Veteran's Relief: Seconday NIC Savings For Employers
The Government are asking what employers think ...
Posted by Roger Eddowes on 14/09/2020 @ 8:00AM
To support armed forces personnel returning into the civilian working world, it is proposed that employers could make a saving on secondary National Insurance contributions with Veteran's Relief ...
The proposed Veteran's Relief will support armed forces personnel back returning to the civilian working world!
copyright: bellphotography423 / 123rf
Secondary National Insurance Contributions (NIC) always add a high cost when a business takes on a new employee. Reducing it is often a very useful way to encourage employers to recruit.
"Currently, Secondary NIC is charged at 13.8% on earnings that exceed the Secondary Threshold (ST)!"
This is £8,788 per year which translates to £732 per month, or £169 per week. Unlike Primary NIC for employers, there is no Upper Earnings Limit (UEL) so the larger the employee's earnings, the more an employer pays in NIC.
However, a consultation paper has been published proposing Veteran's Relief which means there is no Secondary NIC payable for the 1st 12-months of employment, up to the £50,000 Upper Earnings Limit.
The Government believes it is not possible to create a payroll solution for Veteran's Relief by April 2021 so the proposals offer a transition year where the employer continues to pay Secondary NIC, but can claim a rebate that will be credited to their PAYE account.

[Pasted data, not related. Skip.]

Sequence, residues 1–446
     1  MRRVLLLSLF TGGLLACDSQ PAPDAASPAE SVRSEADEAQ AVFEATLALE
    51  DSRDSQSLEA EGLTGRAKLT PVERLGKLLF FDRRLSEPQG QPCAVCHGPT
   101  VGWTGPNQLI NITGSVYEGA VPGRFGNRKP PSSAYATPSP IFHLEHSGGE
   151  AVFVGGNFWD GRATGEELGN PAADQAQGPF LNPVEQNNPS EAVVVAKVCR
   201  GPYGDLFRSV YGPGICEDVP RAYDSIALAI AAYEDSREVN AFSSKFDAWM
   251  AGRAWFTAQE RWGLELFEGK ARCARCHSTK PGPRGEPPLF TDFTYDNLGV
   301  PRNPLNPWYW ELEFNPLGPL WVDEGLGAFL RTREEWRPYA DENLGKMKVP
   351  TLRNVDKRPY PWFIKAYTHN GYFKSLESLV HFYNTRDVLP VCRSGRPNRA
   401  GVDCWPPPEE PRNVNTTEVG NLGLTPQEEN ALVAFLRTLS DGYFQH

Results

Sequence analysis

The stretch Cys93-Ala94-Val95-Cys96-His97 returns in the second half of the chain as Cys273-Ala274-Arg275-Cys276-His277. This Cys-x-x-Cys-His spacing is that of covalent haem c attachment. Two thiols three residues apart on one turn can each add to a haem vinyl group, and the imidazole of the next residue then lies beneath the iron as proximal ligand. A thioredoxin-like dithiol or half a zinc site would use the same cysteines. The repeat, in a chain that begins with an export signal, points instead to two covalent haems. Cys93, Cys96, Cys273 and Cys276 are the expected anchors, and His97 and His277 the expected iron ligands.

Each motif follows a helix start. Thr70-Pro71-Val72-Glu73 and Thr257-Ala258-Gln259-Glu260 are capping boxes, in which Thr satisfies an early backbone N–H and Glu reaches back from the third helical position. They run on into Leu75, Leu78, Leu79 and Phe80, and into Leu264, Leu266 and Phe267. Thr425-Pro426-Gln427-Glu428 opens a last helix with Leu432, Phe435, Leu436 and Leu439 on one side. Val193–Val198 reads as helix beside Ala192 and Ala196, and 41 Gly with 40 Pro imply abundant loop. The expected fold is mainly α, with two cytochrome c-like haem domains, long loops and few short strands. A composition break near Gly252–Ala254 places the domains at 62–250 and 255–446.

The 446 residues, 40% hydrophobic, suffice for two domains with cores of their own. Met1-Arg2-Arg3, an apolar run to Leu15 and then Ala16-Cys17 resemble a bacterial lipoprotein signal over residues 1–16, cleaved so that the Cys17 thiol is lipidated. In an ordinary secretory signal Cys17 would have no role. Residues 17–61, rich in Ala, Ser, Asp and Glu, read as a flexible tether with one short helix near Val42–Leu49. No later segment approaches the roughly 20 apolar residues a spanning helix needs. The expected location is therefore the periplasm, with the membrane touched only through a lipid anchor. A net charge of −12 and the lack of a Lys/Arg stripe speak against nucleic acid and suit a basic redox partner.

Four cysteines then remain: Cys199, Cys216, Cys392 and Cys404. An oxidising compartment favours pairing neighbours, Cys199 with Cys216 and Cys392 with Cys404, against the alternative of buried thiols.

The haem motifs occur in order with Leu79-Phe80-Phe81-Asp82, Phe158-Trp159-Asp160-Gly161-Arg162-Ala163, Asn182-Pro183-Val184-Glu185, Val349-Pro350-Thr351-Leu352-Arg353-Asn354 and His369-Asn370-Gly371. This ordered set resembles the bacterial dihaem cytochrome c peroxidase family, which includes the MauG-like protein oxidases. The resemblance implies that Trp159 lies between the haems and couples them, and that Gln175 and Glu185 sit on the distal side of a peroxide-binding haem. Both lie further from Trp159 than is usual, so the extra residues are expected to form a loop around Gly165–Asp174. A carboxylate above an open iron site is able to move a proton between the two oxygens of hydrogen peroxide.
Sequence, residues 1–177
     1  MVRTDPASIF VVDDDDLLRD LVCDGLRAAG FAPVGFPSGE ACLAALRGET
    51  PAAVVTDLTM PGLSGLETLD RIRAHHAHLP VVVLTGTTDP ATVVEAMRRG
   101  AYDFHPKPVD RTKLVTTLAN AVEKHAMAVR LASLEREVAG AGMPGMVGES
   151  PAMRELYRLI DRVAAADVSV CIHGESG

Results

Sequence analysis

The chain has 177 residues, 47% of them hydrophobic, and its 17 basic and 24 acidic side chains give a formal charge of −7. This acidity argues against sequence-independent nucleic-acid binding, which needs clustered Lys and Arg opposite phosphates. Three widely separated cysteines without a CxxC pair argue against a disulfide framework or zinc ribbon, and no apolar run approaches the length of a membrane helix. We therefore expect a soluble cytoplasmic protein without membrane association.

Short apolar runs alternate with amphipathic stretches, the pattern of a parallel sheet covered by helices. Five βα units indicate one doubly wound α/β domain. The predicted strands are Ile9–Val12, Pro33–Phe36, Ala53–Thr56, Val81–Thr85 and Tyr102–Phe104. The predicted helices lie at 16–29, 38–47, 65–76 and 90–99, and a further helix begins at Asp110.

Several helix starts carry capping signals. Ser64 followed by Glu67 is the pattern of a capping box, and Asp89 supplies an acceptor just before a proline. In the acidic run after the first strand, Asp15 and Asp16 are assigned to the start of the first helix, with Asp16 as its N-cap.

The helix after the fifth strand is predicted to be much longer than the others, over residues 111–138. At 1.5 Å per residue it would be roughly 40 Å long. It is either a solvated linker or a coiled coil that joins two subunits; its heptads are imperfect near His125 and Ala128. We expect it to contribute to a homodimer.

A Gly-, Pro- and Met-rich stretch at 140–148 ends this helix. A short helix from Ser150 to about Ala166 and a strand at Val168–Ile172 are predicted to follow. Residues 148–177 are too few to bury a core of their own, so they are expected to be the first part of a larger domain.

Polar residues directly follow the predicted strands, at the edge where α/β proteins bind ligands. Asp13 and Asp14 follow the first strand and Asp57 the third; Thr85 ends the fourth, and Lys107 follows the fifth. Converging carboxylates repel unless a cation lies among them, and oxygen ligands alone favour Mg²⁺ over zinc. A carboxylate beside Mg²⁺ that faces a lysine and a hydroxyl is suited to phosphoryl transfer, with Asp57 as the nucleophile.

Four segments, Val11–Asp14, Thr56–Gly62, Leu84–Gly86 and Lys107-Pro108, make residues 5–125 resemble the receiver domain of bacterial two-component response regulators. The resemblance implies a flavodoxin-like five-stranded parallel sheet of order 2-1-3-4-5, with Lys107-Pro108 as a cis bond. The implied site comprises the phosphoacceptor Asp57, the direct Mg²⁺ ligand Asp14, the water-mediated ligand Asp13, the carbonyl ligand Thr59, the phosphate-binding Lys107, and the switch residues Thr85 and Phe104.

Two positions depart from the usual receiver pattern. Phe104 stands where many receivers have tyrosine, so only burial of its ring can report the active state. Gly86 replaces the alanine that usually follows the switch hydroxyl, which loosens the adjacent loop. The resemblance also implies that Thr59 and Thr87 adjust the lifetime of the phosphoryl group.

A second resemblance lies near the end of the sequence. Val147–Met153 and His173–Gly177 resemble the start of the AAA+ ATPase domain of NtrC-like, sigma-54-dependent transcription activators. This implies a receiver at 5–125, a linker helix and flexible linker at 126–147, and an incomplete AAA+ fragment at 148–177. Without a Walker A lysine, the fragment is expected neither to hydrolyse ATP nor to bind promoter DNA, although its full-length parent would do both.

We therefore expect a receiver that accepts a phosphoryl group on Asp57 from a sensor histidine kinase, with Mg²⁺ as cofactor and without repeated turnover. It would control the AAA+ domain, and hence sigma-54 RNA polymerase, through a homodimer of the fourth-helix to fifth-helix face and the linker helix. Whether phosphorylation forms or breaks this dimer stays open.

From April 2022, the relief can be claimed in real-time using PAYE although it has not yet be confirmed how this will happen. As with all initiatives centred around PAYE, employers will need to keep evidence of an employee's eligibility to be included.
The Coronavirus Job Retention Scheme has shown the direct costs employers incur when taking on employees. As unemployment grows in a post-pandemic world, so does the need for schemes such as this one!
There will be a sunset period of three years and, as always, the devil is in the detail with this consultation running until 5th October 2020. I will report further once the details have been finalised.
The Job Retention Scheme, brought in to support jobs during the lockdown, has shone a light on direct employer costs that are incurred when taking on an employee and as unemployment figures grow, so too do the reasons for employers looking to make the best use of cost-saving policies such as this proposal.
"There will be a three year sunset period!"
This means the Government can monitor the success of Veteran's Relief, but the devil is always in the detail. As this consultation has lots to consider, it will close on 5th October 2020.
Until next time ...
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About Roger Eddowes ...
Roger trained at Edward Thomas Peirson & Sons in Market Harborough before working at Hartwell & Co, followed by Chancery, as a partner. He started Essendon Accounts and Tax with Helen Beaumont in 2014 as a general practitioner with a hands-on approach.
Roger loves getting his hands dirty, working with emerging, small-to-medium and family businesses to ensure they receive the best possible accountancy advice. Roger utilises an extensive network of business contacts to leverage the best guidance and practical solutions.
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